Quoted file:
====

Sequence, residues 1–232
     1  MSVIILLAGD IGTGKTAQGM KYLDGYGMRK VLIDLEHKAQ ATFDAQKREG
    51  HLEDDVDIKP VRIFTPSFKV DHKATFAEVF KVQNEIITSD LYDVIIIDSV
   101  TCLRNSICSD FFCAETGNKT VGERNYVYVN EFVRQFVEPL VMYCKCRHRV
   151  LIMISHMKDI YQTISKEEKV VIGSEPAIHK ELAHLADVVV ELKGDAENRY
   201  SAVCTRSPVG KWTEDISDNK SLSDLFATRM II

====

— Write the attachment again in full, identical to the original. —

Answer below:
Sequence, residues 1–232
     1  MSVIILLAGD IGTGKTAQGM KYLDGYGMRK VLIDLEHKAQ ATFDAQKREG
    51  HLEDDVDIKP VRIFTPSFKV DHKATFAEVF KVQNEIITSD LYDVIIIDSV
   101  TCLRNSICSD FFCAETGNKT VGERNYVYVN EFVRQFVEPL VMYCKCRHRV
   151  LIMISHMKDI YQTISKEEKV VIGSEPAIHK ELAHLADVVV ELKGDAENRY
   201  SAVCTRSPVG KWTEDISDNK SLSDLFATRM II